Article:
2013: an unended world leaves everything ruined. Hundreds of thousands of former college students receive love letters from the number one unstoppable apocalypse cockroach, Sallie Mae. Great Idol of Whoops-What-Was-I-Thinking, she hovers above the growing broke class with her hand out, the smirking Statue of Liberty officially christened her mascot. Boston Harbor fills with box upon box of useless degrees, delivered to students in unopened cardboard tubes. The government huffs and balls up tight fists, raping checking accounts and tax returns, directly docking pay. Former students fire back by paying off student loans with credit cards prior to declaring bankruptcy, or asking to be paid in cash, or ceasing work all together, electing to erect tent cities or be perpetually in motion, running away from the empty expectation that the dollar would ever inflate, allowing us to earn more or at least as much as our parents. Burn the whole thing down. Tent cities. Forest Park.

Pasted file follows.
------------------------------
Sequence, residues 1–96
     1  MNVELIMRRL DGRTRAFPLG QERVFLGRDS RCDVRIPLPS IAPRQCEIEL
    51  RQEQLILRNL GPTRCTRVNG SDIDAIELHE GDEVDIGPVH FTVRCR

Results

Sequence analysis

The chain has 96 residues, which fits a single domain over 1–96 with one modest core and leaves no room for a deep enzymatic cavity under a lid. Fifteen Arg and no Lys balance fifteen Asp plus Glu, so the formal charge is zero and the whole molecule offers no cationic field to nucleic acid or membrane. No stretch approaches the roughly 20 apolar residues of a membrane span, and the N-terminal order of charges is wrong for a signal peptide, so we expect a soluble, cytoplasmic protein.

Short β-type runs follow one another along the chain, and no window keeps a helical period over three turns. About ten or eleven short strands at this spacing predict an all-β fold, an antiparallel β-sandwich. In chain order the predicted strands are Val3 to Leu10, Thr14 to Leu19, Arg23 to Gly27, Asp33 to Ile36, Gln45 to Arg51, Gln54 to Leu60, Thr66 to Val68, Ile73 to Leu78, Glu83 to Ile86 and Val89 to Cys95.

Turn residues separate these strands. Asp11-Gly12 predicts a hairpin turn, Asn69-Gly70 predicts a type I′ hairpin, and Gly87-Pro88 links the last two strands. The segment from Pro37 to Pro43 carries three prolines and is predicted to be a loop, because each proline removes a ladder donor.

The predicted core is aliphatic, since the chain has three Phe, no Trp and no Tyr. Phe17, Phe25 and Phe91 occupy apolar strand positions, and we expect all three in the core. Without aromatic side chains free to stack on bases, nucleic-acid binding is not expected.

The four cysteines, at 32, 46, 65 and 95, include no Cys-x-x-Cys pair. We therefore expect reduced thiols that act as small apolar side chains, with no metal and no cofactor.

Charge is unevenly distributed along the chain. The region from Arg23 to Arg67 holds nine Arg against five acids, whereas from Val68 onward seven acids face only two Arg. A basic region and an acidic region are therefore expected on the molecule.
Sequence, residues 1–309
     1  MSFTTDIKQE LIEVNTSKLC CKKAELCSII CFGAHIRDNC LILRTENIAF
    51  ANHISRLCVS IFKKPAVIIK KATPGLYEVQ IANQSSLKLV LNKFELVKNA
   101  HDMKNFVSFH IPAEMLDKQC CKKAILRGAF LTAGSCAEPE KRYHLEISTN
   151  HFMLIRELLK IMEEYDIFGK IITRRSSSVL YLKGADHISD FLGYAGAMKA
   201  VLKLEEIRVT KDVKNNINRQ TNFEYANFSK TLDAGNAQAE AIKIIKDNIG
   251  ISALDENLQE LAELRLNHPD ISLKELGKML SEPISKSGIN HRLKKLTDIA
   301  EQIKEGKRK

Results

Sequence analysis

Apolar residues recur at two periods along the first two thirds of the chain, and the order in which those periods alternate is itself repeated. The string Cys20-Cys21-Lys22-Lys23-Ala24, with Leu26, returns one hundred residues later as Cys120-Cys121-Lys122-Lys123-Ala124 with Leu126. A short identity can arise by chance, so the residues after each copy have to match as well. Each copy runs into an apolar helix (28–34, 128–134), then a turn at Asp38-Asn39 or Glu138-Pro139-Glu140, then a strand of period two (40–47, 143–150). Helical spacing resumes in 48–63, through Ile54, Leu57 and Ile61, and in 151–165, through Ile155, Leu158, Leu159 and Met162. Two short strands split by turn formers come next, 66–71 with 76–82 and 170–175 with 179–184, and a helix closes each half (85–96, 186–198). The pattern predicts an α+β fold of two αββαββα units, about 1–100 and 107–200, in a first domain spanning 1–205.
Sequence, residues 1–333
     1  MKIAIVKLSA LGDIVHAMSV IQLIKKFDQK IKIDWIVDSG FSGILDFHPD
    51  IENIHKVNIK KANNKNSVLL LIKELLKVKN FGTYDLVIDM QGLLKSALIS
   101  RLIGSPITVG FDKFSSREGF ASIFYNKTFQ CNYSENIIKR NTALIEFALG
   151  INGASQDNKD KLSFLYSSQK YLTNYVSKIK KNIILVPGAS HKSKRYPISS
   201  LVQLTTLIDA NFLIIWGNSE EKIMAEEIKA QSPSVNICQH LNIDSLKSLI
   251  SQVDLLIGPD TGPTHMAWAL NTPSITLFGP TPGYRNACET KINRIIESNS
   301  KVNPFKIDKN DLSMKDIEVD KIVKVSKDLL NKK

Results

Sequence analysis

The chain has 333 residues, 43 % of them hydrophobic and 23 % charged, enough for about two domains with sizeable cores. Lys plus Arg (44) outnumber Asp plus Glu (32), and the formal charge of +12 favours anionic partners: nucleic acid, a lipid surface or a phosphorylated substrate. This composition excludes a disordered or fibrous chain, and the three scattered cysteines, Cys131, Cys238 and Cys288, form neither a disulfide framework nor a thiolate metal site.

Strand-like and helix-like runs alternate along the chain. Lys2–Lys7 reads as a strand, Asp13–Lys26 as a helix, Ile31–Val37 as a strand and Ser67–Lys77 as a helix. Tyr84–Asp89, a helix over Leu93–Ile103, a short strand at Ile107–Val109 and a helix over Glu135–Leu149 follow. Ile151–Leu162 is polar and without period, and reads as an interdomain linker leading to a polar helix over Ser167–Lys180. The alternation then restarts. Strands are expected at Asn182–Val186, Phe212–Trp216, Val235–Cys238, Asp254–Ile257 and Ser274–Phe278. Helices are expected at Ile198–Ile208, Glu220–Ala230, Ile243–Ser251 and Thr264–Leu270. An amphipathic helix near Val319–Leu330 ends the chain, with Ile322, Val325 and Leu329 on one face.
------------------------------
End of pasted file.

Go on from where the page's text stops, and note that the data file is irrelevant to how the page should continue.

Meanwhile, somewhere on universe-earth, one or two rogue citizens stand on front porches, contemplating the existence of kindred spirits, or maybe wondering about the last time they physically touched someone in a way that didn’t feel hurried. Then it digs deeper and they wonder what it would be like to love without caution, and each thinks that they could probably do this now, because fuck it, what better use of time than that, exactly that. It’s the only thing worth throwing at the stars. Then each one of them sighs, and opens a battered library book to read until sleeping – both certain that no one else living and thinking could possibly agree with something so beautiful and reckless.